100 Days in Deadland
finally discovered my rhythm. Stabbing became a semi-natural extension of my body, though I knew I’d be foolish to assume I was an expert yet. The tree didn’t move or bite.
    Zeds were a different story.
    An engine rumbled in the distance. I sheathed my blade, grabbed the canteen, and took a long drink of water before setting off toward the house to meet Clutch at the driveway. As the engine noise grew louder, I slowed. Whatever was coming down the drive wasn’t nearly as hearty sounding as Clutch’s throaty truck.
    Setting down the canteen, I pulled out my pistol and moved cautiously toward the drive. A familiar red SUV emerged from the tree line. Several boxes were still on top, and it looked like the back was piled full of clothes and bags. The SUV stopped abruptly in front of the house, and two boxes tumbled onto the ground. I warily holstered the .22 when I saw the driver.
    He didn’t look so good.
    Frank’s teenage son sat, shoulders slumped, with both hands gripping the wheel. The kid stared at the house. He was covered in blood, though most of it was crimson, not thick and brown like that of zeds. The painful realization hit me that, with Clutch gone, the responsibility fell on me to prevent the kid from turning.
    I waited. After a moment, he wiped his eyes and then opened the door and stepped out. He was a tall kid for his age, about the same height as Clutch. But, where Clutch was filled out with muscle, Frank’s lanky son was still very much a boy.
    “You’re Jase, right?” I asked. “Call me….” I’d first thought to give him my real name but realized that Mia Ryan no longer existed. Who I’d been died four days ago during the outbreak. “Call me Cash.”
    He held out his bloodied hand, noticed it, and pulled it back. He simply nodded instead. “Where’s Clutch?” he asked.
    “He’ll be back later.” I took in a deep breath before speaking my next words. “I hate to ask this, but I have to.” I paused. “Are you bit?”
    He looked down and shook his head. “No,” he croaked, and he cleared his throat. “I’m not bit.”
    “That’s a lot of blood for not being bit,” I countered.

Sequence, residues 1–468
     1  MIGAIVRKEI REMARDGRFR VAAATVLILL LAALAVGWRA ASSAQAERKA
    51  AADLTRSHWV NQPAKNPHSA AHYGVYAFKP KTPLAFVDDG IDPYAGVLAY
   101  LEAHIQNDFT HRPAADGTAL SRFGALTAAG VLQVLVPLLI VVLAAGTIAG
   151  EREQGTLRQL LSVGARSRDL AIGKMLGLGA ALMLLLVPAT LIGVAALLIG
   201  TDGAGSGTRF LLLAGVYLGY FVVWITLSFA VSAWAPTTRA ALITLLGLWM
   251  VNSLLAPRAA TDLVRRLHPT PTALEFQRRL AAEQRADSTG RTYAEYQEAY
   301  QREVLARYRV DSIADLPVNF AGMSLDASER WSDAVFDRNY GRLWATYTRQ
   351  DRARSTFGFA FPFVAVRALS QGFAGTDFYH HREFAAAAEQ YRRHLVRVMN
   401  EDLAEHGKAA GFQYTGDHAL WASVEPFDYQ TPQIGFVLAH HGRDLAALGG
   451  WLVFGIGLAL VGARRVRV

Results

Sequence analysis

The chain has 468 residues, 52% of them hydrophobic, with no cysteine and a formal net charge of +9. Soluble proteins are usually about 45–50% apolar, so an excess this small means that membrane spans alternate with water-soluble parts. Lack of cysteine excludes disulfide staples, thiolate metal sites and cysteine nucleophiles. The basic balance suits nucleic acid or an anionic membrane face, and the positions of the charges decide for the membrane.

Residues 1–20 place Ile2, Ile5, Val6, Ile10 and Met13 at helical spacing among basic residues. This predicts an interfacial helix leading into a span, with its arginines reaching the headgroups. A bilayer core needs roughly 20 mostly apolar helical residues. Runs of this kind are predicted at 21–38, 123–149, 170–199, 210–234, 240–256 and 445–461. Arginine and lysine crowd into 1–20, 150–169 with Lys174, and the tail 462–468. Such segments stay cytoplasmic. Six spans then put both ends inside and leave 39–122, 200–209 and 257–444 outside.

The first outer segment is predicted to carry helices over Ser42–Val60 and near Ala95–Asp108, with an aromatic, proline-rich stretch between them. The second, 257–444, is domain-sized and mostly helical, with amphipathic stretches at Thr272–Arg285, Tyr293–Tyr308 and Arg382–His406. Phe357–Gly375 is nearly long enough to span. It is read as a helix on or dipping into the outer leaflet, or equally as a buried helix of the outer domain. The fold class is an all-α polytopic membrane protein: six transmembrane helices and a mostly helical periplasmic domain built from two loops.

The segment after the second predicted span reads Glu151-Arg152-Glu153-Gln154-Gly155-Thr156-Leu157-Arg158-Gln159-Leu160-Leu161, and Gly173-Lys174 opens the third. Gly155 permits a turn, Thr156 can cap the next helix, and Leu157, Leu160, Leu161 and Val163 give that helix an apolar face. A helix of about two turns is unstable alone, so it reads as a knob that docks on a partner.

He shook his head harder this time. “It’s Betsy’s.” His voice cracked again, and he glanced back in the truck, running a filthy hand through already mussed sandy blond hair.
    The poor kid looked like he was about to break. I wanted to make Jase take off his shirt to prove he hadn’t been bitten, but instead I kept one hand near my pistol and put the other hand on his shoulder. “Well, let’s get you cleaned up then.”
    He wiped his nose and then nodded, taking a few steps with me toward the house. Then he stopped and pulled away. “Wait. I can’t leave Betsy…”
    Frowning, I watched as he went around to the other side of the SUV. He returned, carrying what looked to be a small collie. Much of the fur on her back was matted with blood, and her eyes were glazed over. Whenever Jase moved, she whimpered.
    I grimaced. Betsy looked in bad shape. With the amount of blood on her fur and covering Jase’s shirt, I doubted even a vet could help.
    When we reached the house, I didn’t open the door. “Listen, Jase. You know how contagious zed blood is. You and Betsy can come into the mudroom, but you can’t come inside, not until you’re both cleaned up and in the clear. Got it?”
    Jase nodded and sniffled again.
    “All right.” I opened the door and he stepped inside, cradling the dog to his chest.
    Inside the mudroom, I rummaged through the cabinets until I found where Clutch kept his rags and cleaning towels. I grabbed the thickest one in the pile and made a nest on the floor. Jase carefully set Betsy down on the towel, but she still yelped at the movement, her back legs kicking out. He collapsed next to her, keeping a hand on her, and making small cooing sounds.
    I left them, locking the door behind me. It took some time, but I found a disposable plastic bowl that would work. I returned to

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